Revisiting the “Adam Mair is garbage” argument

I’m sure many of you may remember my widely debated “What can Adam Mair do for you?” post.

It seemed to be a divisive issue, mainly because it was perceived that I was just taking a shot at Adam Mair for not being very good. On the contrary, it was meant to provide insight as to why it was an issue that he was even playing on a nightly basis.

The timing of the original post was impeccable. Mair responded that very night with his first goal of the season, and then added another a few nights later. He’s scored 5 goals and added 2 assists with 33 penalty minutes in the 24 games since I called out his uselessness.

But does that invalidate the argument? Of course not.

The whole concept was keyed around the idea that the team needed to bring more to the table if they would compete in the postseason. The idea is that Mair shouldn’t be playing, simply because the team should have 12 forwards in the lineup who are better than him.

After Tyler Ennis’ sparkling performance Saturday night, after a stellar season so far in Portland, do you really see any reason Ennis should be sent back if Mair is playing? At this point, it should be obvious that when healthy, Adam Mair and Matt Ellis are your 13th and 14th forwards… if you’re putting the best possible lineup on the ice. With Ennis’ performance all season, and his clear potential, I don’t see how you can say this team is better with off with Adam Mair over him.

Despite his offensive output in the last couple months, it’s still clear that Mair doesn’t produce much positive. Even with all his points, he’s still an even plus/minus on the season.

The mitigating factors of his presence really should outweigh his value. The thing Adam has been doing lately is taking stupid penalties. His lack of discipline is evident. Mair is currently tied with Patrick Kaleta, Paul Gaustad and Derek Roy with 21 minor penalties this season, which is second most on the team behind Craig Rivet.

So he’s not the only one who takes penalties. But the rate in which he does so is frightening. With 21 minors in 61 games played, Mair’s .34 minors/per game is worse than only Kaleta and Gaustad. But, you’ll say that’s because they all play the same style! They bring energy!

I shake my finger and say “Nuh-uh-uh!” I beg to differ.

Accounting for ice time, and how often they’re on the ice in relation to when they take penalties, I calculated how much ice time each Sabre had in relation to their number of minor penalties. (Best? Andrej Sekera with 395 mins of TOI per minor penalty. Solid work, ‘Rej!) Patrick Kaleta had the worst number, with 26.20 mins of play per minor penalty, followed closely by Adam Mair at 26.35. That difference is negligible in comparison to the rest of the team. The next closest is Gaustad at 42.5 mins/minor, and Kennedy sitting at 47.5 mins/minor the only other forwards below 60.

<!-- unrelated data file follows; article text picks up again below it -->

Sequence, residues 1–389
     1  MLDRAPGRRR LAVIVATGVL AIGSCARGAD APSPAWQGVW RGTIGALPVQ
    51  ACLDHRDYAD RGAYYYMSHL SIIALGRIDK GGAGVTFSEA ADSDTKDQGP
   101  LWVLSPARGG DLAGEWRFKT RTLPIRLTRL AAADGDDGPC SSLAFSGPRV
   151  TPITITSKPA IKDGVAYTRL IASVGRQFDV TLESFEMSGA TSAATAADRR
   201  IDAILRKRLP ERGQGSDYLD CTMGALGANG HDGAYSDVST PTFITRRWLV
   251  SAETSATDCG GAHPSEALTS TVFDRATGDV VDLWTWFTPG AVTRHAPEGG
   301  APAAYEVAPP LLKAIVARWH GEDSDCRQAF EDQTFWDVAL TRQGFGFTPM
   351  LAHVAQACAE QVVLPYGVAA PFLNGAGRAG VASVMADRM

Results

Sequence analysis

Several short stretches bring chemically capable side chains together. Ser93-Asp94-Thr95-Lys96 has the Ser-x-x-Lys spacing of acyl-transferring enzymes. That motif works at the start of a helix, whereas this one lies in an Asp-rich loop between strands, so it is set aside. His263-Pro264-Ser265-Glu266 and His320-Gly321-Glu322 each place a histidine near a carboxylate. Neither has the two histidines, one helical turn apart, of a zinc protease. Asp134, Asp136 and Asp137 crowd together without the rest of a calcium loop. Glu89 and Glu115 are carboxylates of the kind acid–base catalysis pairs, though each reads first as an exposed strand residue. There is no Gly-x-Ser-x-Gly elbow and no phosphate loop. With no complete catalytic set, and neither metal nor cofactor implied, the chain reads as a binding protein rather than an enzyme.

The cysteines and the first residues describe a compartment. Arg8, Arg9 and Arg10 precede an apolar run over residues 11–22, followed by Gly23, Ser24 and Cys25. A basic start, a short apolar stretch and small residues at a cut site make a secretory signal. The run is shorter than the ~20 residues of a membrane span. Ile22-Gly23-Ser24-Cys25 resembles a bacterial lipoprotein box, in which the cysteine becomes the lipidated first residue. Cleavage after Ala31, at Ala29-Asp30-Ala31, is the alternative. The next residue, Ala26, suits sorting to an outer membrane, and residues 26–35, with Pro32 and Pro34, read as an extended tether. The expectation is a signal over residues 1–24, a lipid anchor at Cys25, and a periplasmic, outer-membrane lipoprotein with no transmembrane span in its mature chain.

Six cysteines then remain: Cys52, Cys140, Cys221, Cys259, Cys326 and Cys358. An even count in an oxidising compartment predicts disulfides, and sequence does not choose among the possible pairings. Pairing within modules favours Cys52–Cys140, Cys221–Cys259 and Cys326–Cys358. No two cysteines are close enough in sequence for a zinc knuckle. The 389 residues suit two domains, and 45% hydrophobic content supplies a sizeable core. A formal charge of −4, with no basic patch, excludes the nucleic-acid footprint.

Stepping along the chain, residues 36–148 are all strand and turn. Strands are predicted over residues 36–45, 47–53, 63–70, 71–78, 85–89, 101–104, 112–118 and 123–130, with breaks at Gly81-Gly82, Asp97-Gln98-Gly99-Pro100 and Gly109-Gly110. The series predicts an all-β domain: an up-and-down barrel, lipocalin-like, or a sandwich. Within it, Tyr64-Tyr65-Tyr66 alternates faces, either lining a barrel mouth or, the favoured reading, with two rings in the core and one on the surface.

So, looking at pretty much the bottom three forwards on the roster:

Player GP PIM mP mp/Gm TOI/Gm Min/mP
Mair 61 69 21 0.34 9:04 26.35
Kaleta 54 87 21 0.39 10:11 26.20
Ellis 64 8 4 0.06 9:02 144.75

What needs to be said is the thing that goes without saying. Pat Kaleta adds an element to the team that absolutely noone else does. He mixes it up, throws opponents off their game and draws penalties. Mair? Not so much.

Also, notice in those numbers what Matt Ellis brings to the table: discipline. For being a fourth liner, Ellis does little to hurt the team. He’s been a plus player for most of the season and does not put the team at a disadvantage. Is there something to be said for staying out of the box? I think so.

But forgetting about Ellis, let’s stick to the two “energy” guys. Since their penalty totals seem so similiar, let’s delve a bit deeper. Thanks to ESPN’s statistics on minor penalties, here is how Mair and Kaleta stack up:

Kaleta 21 0 1 8 0 3 1 0 0 0 1
Mair 21 0 3 6 2 0 2 1 4 1 0

Some of Kaleta’s penalties are unaccounted for, but the statistics do not include penalties such as unsportsmanlike conduct or instigating. I think this illustrates the difference between Kaleta and Mair. Mair’s penalties are overwhelmingly undisciplined stickwork penalties. Kaleta’s are mainly physical, as he clearly takes the body with reckless abandon. With Mair, his careless play makes you wonder if he actually has a case for being the 13th forward on the depth chart, ahead of Matt Ellis.

With Tyler Ennis on the verge of blowing out the door standing between him and a permanent roster spot, something will have to give. As junior seasons end, Portland’s roster will be restocked in the coming days (see: Adam, Luke), so keeping little Ty around isn’t going to throw our farm team under the bus.

I guess what it comes down to is that, when the team has a healthy roster, Mair shouldn’t be playing. For the time being it’s not an issue, with Kaleta, Tim Connolly, Thomas Vanek, and Raffi Torres nursing injuries. Mair has been filling in admirably, in the eyes of Lindy Ruff, anyways.

But will Lindy be willing to send his boy to the press box when the postseason starts?

God, I hope so.


Posted on March 29, 2010, in Uncategorized and tagged , , , , , . Bookmark the permalink. 1 Comment.

  1. According to behindthenet Kaleta has taken 8 penalties (where he didn’t bring a friend) and drawn 35 (Second in the league, behind Dustin Brown’s +34)

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